Stack Overflow is a community of 4.7 million programmers, just like you, helping each other.

Join them; it only takes a minute:

Sign up
Join the Stack Overflow community to:
  1. Ask programming questions
  2. Answer and help your peers
  3. Get recognized for your expertise

I am about to deliver an Adobe AIR app to a customer. But it's my first delivery of any sort, I.e. I have no experience whatsoever with licensing etc.

Users of this app may or may not be online, so can't count on that. In fact it's 99% sure that they will be offline.

Nor do I expect them to very tech-savvy, who will spend enough time scouting for ways to "crack" it.

So, is there an okeish type of way to protect this app. That is, I don't want people to simply copy the installation folder, take it to another machine and run it. It should be slightly harder than this.

Oh, and I am also using PHP and MySql, with which this AIR app communicates. So anything you guys could help me with is very very welcome.

share|improve this question
    
If 99% of the users will be offline but the app requires a PHP and MySQL backend... how does the app even work? – dragonmantank Jan 18 '09 at 12:32

protect the php api and not the frontend app. have a license key which is bound to an ip address and authenticate the request (which contains the key) is coming from the correct ip.

share|improve this answer
    
IP addresses change frequently. I wouldn't say this is a sound approach and is likely to piss off lots of paying customers. – cliff.meyers Jan 25 '09 at 7:27
    
Binding accounts to an IP address is probably a bad idea, but the idea of protecting the API and not the frontend is the correct way to go about this I think. The API and access to it is completely under your control. The front end app never will be. – Bob Somers Jan 25 '09 at 7:51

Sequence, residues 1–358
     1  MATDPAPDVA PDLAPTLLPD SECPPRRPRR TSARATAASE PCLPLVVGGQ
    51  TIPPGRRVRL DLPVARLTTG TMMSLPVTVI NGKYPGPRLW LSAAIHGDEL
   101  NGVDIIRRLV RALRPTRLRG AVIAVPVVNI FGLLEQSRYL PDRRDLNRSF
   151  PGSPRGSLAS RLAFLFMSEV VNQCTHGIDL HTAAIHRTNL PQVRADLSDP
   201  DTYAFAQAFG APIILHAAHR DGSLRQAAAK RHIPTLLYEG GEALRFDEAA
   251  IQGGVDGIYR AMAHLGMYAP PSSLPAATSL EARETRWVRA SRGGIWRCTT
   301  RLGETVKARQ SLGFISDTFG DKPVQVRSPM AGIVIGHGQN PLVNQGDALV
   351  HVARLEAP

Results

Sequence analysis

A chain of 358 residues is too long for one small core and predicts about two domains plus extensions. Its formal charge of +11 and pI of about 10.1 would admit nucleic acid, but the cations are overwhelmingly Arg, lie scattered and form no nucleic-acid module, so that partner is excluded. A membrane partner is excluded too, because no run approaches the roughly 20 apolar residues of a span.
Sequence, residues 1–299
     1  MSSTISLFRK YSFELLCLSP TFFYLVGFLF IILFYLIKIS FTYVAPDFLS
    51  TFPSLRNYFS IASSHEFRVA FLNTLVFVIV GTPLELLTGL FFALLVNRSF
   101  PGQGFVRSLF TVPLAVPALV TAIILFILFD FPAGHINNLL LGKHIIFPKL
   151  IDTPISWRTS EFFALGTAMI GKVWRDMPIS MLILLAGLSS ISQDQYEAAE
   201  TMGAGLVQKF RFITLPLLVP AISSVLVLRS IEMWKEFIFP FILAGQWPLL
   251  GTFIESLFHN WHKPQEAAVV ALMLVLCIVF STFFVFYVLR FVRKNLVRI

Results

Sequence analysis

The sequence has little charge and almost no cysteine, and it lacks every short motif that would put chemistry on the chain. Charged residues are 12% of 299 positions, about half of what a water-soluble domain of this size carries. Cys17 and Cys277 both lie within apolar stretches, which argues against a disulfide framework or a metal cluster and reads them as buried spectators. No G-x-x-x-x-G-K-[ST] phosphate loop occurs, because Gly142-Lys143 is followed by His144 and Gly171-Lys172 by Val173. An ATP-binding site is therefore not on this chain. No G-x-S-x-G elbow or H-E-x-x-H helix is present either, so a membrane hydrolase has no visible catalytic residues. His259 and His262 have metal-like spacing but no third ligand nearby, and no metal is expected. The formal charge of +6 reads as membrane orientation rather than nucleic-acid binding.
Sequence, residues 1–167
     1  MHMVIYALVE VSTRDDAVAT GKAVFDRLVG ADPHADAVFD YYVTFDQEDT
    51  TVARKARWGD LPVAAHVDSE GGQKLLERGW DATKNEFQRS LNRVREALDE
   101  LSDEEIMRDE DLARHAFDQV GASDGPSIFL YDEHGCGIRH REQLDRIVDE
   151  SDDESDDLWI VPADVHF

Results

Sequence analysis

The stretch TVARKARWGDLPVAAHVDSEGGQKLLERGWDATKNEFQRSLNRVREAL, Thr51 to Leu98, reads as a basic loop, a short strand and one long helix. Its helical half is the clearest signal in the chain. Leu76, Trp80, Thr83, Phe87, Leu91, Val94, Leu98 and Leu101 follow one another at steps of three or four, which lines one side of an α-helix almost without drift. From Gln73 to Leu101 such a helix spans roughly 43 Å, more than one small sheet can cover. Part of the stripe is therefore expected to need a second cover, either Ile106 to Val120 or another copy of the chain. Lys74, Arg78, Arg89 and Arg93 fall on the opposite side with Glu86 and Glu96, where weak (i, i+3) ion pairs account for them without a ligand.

If you want to protect your Flex app you can use irrObfuscator. There is a 30 days free demo.

If you wish to obfuscate your PHP code I would suggest ioncube. There is an online obfuscator that you can pay per à-la-carte. Pretty usefull. Tho you need ioncube loaders which is a set of PHP extension that you will find into the products section. Not sure but I think you can install loaders without playing with PHP config so it's shared-hosting friendly.

share|improve this answer

You can not protect anything that's webbased or javascript based, purely because there is complete sourcecode.

Anyone who knows how to use 'right click' could copy your files. You can obfuscate your code, but you cannot protect it. If you think that this shouldn't be possible, write a desktop app in a 'real' programming language.

share|improve this answer

When the app installs, I would do the following:

  1. Create a file in "app-storage" that basically indicates the app has been installed.
  2. Fire off a service call and make a record of the install
  3. Change a file in the app directory to indicate the app has been installed

On subsequent startups, check for the presence of the file as long as the file in the app directory indicates the app has been installed. If you see the customer keeps installing their app over and over, this could be flagged in their account and appropriate action taken. If you want to get fancy, the file in "app-storage" could a one-way hash of some information from the file in the app directory (install date?) plus some value baked into the AIR application.

In general, I think the key here is to trust your users and not make the assumption they are trying to steal. You want to make the system as painless as possible. It does not build a good relationship with customers when you treat them like criminals, so creating an "ironclad" approach probably isn't even the best idea.

share|improve this answer

I think pretty much the only good way to do this is to require activation after installing (online activation, with a phone backup).

From what you're saying, it seems like the backend is installed on-site and would not be able to provide adequate copy protection.

share|improve this answer

Your Answer

 
discard

By posting your answer, you agree to the privacy policy and terms of service.

Not the answer you're looking for? Browse other questions tagged or ask your own question.